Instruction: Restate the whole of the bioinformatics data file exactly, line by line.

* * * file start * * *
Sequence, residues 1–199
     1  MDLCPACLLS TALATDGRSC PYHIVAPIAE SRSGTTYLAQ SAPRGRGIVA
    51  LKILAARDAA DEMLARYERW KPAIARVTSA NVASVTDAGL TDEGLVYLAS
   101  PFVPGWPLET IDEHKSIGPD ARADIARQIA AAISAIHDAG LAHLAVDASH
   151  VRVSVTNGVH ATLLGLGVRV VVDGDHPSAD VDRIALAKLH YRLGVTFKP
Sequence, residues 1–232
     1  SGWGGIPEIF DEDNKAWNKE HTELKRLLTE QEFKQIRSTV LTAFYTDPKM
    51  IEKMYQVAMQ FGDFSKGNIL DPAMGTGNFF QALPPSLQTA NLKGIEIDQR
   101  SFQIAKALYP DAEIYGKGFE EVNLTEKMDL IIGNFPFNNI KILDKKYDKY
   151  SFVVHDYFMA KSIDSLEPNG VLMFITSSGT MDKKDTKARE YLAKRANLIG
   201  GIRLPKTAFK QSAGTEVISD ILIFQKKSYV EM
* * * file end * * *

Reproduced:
Sequence, residues 1–199
     1  MDLCPACLLS TALATDGRSC PYHIVAPIAE SRSGTTYLAQ SAPRGRGIVA
    51  LKILAARDAA DEMLARYERW KPAIARVTSA NVASVTDAGL TDEGLVYLAS
   101  PFVPGWPLET IDEHKSIGPD ARADIARQIA AAISAIHDAG LAHLAVDASH
   151  VRVSVTNGVH ATLLGLGVRV VVDGDHPSAD VDRIALAKLH YRLGVTFKP
Sequence, residues 1–232
     1  SGWGGIPEIF DEDNKAWNKE HTELKRLLTE QEFKQIRSTV LTAFYTDPKM
    51  IEKMYQVAMQ FGDFSKGNIL DPAMGTGNFF QALPPSLQTA NLKGIEIDQR
   101  SFQIAKALYP DAEIYGKGFE EVNLTEKMDL IIGNFPFNNI KILDKKYDKY
   151  SFVVHDYFMA KSIDSLEPNG VLMFITSSGT MDKKDTKARE YLAKRANLIG
   201  GIRLPKTAFK QSAGTEVISD ILIFQKKSYV EM